Bioactive peptide amphiphile scaffolds to enhance spinal cord regeneration

Project: Research project

Project Details


Spinal cord injury (SCI) is a debilitating condition affecting an estimated 1,275,000 Americans at a cost of over 40 billion dollars each year. SCI causes immediate damage of nervous tissue accompanied by loss of local blood vessels, release of inflammatory mediators and the cellular immune response at the site of injury. These processes lead to further axonal injury, cell death, and demyelination, which impede endogenous tissue repair and limit prospective repair approaches. While much effort has been dedicated to the development of treatments and cures for this condition, to date, there is no single biological intervention that can address all of the physiological events that damage the spinal cord. Previously, the Stupp Laboratory demonstrated that peptide amphiphile (PA) molecules self-assemble into nanofibers that can be used as bioactive scaffolds, which were beneficial upon injection in an experimental mouse model of SCI. Here, I propose to integrate orthogonal bioactive moieties that address different aspects of the injury response in order to increase the potency of the bioactive biomaterials that have already been shown to bridge the lesion site effectively. This will be accomplished by designing and testing new vascular endothelial growth factor (VEGF) and fibroblast growth factor 2 (FGF-2) mimetic PA molecules that self-assemble into nanostructures as an angiogenic and neurogenic biomaterial platform for treating SCI. The growth factor mimetic sequences incorporated in a PA will be co-assembled with a known PA that presents the neuroactive pentapeptide epitope from laminin, isoleucine-lysine-valine-alanine-valine (IKVAV-PA), to promote vascularization, nerve regeneration, functional recovery, and to limit the damage. This project will evaluate the synergies between the different PA sequences and define the most effective combinations, and determine the best stoichiometry in vitro. The combinatorial therapy will then be tested in vivo in the mouse SCI model.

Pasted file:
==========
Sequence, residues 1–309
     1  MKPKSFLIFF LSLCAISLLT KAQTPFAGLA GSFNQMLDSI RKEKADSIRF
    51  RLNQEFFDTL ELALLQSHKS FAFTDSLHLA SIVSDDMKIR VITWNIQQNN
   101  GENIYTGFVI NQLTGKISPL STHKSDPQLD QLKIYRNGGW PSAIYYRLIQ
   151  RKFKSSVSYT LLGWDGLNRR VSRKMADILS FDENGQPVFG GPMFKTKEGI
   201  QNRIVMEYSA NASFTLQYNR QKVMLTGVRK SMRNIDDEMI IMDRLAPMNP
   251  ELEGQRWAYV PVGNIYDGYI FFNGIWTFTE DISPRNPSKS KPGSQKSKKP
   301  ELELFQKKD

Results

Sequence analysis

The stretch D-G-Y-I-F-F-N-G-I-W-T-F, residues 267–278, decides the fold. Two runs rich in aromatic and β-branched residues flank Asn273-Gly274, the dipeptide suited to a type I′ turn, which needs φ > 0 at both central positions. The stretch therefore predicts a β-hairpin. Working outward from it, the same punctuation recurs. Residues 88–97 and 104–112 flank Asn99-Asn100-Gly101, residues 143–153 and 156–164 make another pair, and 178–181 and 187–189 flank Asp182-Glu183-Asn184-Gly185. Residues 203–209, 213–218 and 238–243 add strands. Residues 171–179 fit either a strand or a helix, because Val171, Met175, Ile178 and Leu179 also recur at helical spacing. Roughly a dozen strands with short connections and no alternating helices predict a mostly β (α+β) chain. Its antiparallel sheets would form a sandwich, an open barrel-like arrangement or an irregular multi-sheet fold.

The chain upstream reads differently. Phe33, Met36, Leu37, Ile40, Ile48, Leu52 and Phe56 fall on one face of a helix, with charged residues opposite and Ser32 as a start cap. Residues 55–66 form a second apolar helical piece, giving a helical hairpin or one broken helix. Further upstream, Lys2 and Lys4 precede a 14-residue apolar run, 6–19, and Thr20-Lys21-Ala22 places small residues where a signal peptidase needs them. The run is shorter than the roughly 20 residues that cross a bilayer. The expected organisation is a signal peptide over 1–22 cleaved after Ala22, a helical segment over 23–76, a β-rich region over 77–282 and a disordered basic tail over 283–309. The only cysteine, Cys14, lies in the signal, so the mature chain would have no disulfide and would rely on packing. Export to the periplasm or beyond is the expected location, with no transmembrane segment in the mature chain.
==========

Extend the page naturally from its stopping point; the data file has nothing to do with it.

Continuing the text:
Effective start/end date1/1/183/31/20


  • Paralyzed Veterans of America Spinal Cord Research Foundation (PVA17_RF_0008)


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